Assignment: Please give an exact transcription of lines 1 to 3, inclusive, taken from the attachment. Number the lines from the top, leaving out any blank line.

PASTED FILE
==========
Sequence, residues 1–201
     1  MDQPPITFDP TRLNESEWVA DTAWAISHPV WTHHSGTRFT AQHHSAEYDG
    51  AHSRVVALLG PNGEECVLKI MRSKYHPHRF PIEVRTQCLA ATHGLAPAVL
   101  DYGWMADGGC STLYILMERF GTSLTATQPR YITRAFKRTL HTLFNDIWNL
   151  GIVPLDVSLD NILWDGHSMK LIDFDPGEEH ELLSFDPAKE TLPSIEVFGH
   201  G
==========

Sequence, residues 1–201
     1  MDQPPITFDP TRLNESEWVA DTAWAISHPV WTHHSGTRFT AQHHSAEYDG
    51  AHSRVVALLG PNGEECVLKI MRSKYHPHRF PIEVRTQCLA ATHGLAPAVL